Prof. Kuhn: Here I have to elaborate a bit –it is related to the interaction between the language model and the conversational agent, which is trained as an extension of the language model in two additional steps. In step 1, the immediate response behavior of the chatbot is trained. For this, the system only receives factually true answers as training input, which in this case are actually produced by humans. From the examples, the bot learns how humans formulate correct answers. However, people rarely express every detail explicitly in language when answering, instead relying on the other person to add implicit information from the context. For example, if someone walks into a sports bar with the score at 1-0, he or she might ask "Has Bayern been leading for a long time?" and someone else says "Handball penalty in the 6th minute." This is an extreme example to make human capabilities particularly vivid - in a weaker form, however, a chatbot that imitates humans in answering questions will learn that not every mental step needs to be explicitly verbalized. For example, it learns that it is common to switch back and forth between "Jürgen Klopp" and "the coach of Liverpool." After all, these two linguistic expressions are represented very similarly in the language model.
Not slavishly word-for-word answering a single question is the first occasion that can encourage the chatbot to hallucinate. An additional factor lies in the way the bot is still trained in a second step to conduct goal-oriented longer dialogs about arbitrary content - this is, after all, precisely the breakthrough that ChatGPT has achieved. For this purpose, the technique of reinforcement learning is used. The computer plays through a large number of alternative dialog courses for itself and tries out in longer dialogs what it has learned on a small scale from a series of predefined question-answer pairs. The development team has a selection of dialog sequences evaluated by human observers, and the computer learns from these examples to distinguish independently between goal-directed and less goal-directed sequences. For example, a dialog in which the chatbot puts together several non-trivial statements in a confident manner is perceived as helpful. So, in training, the chatbot gets a reward for such behavior.
The problem now is that the chatbot does not have access to a concept of truth for a self-assessment of the desired conversational behavior. In areas of knowledge, for which the training material is not so densely distributed, the chatbot will therefore also occasionally produce statements that are relatively probable formulations according to the language model, but simply do not correspond to the truth. And it will represent these statements just as confidently as statements that refer to a domain of knowledge to which the training texts of the language model have led to much denser networked model representations.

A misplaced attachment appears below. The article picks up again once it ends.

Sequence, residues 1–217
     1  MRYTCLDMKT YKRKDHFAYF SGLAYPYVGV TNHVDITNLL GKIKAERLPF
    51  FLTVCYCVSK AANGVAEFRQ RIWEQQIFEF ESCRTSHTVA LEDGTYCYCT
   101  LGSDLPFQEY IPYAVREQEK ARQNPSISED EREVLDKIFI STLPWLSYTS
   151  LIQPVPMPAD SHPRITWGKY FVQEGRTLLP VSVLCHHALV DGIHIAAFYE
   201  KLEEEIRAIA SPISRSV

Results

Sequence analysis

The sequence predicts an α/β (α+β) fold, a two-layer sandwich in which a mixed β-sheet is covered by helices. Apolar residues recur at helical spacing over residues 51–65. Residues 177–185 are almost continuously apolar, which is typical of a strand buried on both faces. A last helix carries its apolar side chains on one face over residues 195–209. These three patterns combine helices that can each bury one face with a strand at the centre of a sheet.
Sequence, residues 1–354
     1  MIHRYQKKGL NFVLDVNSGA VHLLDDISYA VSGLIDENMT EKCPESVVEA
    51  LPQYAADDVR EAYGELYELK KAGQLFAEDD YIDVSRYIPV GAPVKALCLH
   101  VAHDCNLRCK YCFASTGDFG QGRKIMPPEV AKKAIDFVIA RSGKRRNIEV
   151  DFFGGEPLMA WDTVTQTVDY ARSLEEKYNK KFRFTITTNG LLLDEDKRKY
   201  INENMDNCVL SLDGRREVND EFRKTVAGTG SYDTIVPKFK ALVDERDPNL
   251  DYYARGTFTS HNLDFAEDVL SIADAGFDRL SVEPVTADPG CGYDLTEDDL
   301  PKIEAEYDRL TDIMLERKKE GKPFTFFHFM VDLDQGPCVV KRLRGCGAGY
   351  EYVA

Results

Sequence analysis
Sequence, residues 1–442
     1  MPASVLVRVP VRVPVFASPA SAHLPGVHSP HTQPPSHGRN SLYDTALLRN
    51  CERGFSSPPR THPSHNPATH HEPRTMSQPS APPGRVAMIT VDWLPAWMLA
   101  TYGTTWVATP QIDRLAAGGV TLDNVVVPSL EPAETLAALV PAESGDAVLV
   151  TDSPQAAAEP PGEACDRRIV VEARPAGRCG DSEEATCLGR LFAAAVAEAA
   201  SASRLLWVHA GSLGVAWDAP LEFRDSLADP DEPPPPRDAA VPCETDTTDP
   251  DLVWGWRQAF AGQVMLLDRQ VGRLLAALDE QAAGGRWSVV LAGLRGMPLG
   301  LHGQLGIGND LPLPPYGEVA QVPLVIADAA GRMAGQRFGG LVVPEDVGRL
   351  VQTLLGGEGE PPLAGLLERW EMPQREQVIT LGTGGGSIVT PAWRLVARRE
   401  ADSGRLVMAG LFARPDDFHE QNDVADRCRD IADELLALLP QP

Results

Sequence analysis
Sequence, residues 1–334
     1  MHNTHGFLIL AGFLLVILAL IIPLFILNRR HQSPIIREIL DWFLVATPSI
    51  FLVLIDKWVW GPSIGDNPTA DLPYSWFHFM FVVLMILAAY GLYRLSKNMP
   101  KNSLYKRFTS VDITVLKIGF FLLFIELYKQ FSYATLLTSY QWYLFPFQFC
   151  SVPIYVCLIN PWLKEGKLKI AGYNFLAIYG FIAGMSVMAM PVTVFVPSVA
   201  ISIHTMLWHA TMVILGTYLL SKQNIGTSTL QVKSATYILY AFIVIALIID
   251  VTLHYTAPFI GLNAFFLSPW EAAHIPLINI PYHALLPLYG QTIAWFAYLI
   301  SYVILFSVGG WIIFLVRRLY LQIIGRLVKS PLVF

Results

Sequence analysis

It's very entertaining to chat with ChatGPT and watch when it starts to pontificate with great detail about things that don't exist. For example, yesterday I asked the bot how to get from the koala enclosure to the exit at Nuremberg Zoo. I had briefly researched the zoo website beforehand: There are no koalas in the zoo at all. ChatGPT nevertheless generated a list with five instructions how to walk to the exit Tiergartenstraße via the "Agora, a central place in the zoo". None of these exist in the Nuremberg Zoo. You can literally feel the chatbot trying to produce the kind of answer that usually goes over well - except, unfortunately, it completely floats when it comes to the combination of terms I used in the question.
Watching it like this, one naturally wonders why the system isn't trained to be more careful in its responses. In fact, it is in the linking of learned facets to a place or object that the enormous potential of the chat model lies. A large number of cases in which this works well would be prevented if the bot were given less freedom during training.
Srocke: Would such a system still hallucinate if I trained it exclusively with correct facts–say with an error-free edited encyclopedia?
Prof. Kuhn: I would guess yes. False statements of the model are mostly not based on the fact that untrue assertions were fed into it during training. Rather, they arise because the model incorrectly assembles partial knowledge that it has rightly acquired from texts.
ChatGPT shows how people construct knowledge
Srocke: So we are not talking about a factual database, but about a "language fantasy machine" that reproduces presumably plausible things?
Prof. Kuhn: Yes, in principle. However, the development team has already done an amazing job of teaching the system to point out its own limitations during chatbot training. Often, when you try to lead ChatGPT up the garden path, it says that, as an artificial intelligence, it can't contribute anything to the question.